There is quite an extensive list of permitted essential activities but here is a summary of those relevant to business and to industry:

  • Activities related to the medical sector, including the manufacturing of supplies, medical equipment and health care technology. This includes those parties involved in the supply chain for such services and products.
  • Infrastructure, transportation and logistics services e.g. energy, water, cargo and passenger transportation, airports, ports, are permitted.
  • Chemical industries, agriculture, and businesses producing cleaning products are permitted to continue.
  • Activities that are in the fundamental sectors of the economy, the suspension of which could have irreversible effects on the economy.

Individual states have also adopted social distancing measures such as:

  • Closing non-essential businesses e.g. restaurants and cafes, movie theatres.
  • Requiring people to stay at home and not travel for non-essential purposes.

Travel restrictions

The US and Mexican governments have agreed that US citizens and lawful permanent residents can return to the US. Individuals traveling for essential reasons i.e. to work in the US, engage in lawful cross-border trade, are also permitted to enter the US. Please note however, that individual states in the US will have their own quarantine requirements.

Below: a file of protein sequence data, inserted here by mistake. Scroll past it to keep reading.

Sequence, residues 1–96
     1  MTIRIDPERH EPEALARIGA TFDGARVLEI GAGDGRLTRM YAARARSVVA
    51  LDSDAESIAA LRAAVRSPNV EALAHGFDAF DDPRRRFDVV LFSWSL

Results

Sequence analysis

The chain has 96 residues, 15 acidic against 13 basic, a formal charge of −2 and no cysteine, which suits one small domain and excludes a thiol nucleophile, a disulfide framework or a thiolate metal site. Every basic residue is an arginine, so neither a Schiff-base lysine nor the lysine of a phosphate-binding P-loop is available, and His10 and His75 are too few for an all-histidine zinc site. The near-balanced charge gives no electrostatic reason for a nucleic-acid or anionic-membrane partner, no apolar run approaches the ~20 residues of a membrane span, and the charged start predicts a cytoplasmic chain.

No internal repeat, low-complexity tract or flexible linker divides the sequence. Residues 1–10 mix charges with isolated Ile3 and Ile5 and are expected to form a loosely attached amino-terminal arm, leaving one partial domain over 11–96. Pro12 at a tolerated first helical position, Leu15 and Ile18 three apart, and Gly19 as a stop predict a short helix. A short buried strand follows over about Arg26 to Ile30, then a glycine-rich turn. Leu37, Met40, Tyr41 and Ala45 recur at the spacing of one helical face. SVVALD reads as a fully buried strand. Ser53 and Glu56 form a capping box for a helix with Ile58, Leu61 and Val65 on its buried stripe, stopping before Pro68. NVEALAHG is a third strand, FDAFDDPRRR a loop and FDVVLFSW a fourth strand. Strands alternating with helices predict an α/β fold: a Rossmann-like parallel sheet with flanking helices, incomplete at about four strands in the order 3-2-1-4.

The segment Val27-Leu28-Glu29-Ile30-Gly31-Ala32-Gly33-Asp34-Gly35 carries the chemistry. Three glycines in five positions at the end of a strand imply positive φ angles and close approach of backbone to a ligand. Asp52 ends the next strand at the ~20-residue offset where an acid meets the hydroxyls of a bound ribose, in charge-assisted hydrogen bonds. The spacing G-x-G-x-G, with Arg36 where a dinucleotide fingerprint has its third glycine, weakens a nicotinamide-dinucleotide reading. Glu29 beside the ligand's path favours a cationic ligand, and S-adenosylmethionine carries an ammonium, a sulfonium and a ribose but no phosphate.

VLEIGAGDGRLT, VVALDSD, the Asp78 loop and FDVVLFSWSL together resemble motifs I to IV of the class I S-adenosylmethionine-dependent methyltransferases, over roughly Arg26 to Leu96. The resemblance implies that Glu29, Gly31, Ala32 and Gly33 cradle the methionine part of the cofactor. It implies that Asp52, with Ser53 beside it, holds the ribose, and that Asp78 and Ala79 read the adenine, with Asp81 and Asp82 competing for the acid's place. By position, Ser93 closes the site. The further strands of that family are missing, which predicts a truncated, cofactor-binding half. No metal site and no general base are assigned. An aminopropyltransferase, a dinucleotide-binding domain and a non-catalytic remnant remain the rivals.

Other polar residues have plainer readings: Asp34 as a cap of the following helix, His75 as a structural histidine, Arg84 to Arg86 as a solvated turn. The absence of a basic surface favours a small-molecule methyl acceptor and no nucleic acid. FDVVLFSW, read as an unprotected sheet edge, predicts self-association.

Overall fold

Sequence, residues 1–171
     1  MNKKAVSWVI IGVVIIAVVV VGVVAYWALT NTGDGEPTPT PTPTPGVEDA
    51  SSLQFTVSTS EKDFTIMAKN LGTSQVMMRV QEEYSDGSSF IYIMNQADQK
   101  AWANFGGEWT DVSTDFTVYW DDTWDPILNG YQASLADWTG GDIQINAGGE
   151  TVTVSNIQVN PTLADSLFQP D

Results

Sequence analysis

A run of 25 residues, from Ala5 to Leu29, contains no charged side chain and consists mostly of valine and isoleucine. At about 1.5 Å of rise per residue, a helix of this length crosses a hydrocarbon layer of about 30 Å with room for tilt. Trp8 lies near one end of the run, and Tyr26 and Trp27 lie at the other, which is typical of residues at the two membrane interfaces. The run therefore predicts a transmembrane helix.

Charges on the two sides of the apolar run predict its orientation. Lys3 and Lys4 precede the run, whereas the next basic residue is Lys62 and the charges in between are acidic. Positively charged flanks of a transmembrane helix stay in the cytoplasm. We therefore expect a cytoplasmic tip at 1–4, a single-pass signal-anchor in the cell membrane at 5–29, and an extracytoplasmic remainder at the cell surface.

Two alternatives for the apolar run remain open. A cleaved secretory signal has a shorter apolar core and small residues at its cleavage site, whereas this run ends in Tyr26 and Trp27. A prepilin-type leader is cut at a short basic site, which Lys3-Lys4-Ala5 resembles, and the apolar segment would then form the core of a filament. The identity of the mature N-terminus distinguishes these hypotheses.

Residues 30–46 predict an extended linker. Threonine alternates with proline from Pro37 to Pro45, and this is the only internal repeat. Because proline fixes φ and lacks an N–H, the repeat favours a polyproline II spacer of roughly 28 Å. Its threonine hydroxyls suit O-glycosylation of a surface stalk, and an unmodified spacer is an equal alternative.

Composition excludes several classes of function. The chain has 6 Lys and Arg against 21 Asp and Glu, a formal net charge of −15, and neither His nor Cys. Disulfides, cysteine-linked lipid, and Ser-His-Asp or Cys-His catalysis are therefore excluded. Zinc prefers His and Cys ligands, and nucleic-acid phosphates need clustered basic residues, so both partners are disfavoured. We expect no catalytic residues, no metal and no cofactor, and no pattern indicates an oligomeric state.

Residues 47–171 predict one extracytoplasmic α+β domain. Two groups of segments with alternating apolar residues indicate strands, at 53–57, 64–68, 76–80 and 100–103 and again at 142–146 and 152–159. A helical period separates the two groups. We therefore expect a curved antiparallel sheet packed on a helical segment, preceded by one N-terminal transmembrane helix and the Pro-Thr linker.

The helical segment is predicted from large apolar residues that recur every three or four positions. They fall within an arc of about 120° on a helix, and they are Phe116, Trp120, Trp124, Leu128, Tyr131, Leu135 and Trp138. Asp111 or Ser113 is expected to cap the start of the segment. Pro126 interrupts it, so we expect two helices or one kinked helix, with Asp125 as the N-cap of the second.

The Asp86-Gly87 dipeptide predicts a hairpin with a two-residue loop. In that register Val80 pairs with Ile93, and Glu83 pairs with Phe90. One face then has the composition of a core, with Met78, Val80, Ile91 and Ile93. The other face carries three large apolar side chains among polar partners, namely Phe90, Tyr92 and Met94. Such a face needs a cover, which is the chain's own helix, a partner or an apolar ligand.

Travel to Mexico is not advised. There are quarantine requirements for international visitors arriving via air. While it is still possible for US citizens to enter Mexico through the land crossings, we also do not recommend this because the border controls are in a state of confusion at the moment. It will also be hard to maintain social distancing. Domestic travel within Mexico is also not advised.

Impact on business and industry

Businesses had already implemented their own COVID measures before the federal government made the emergency declaration. Many instructed their staff to work from home. In some factories, examples of the COVID measures implemented were: working with a reduced workforce, checking the temperature of any person before he or she enters the facility, instructing staff to maintain distance from one another and also reconfiguring the workplace to enable social distancing, and getting the staff to wear protective gear.

As the federal government’s declaration has significant ambiguities on which activities are considered ‘fundamental to the economy’, many factories and industries continue to function and maintain a ‘business as usual’ trading approach as much as possible. From what we can see, on the ground level, individual businesses are making their own decisions on whether they want to continue operating. Some companies, like Endeavour Silver, have decided to suspend their operations until 30 April 2020.

We will continue to update our readers of the COVID situation.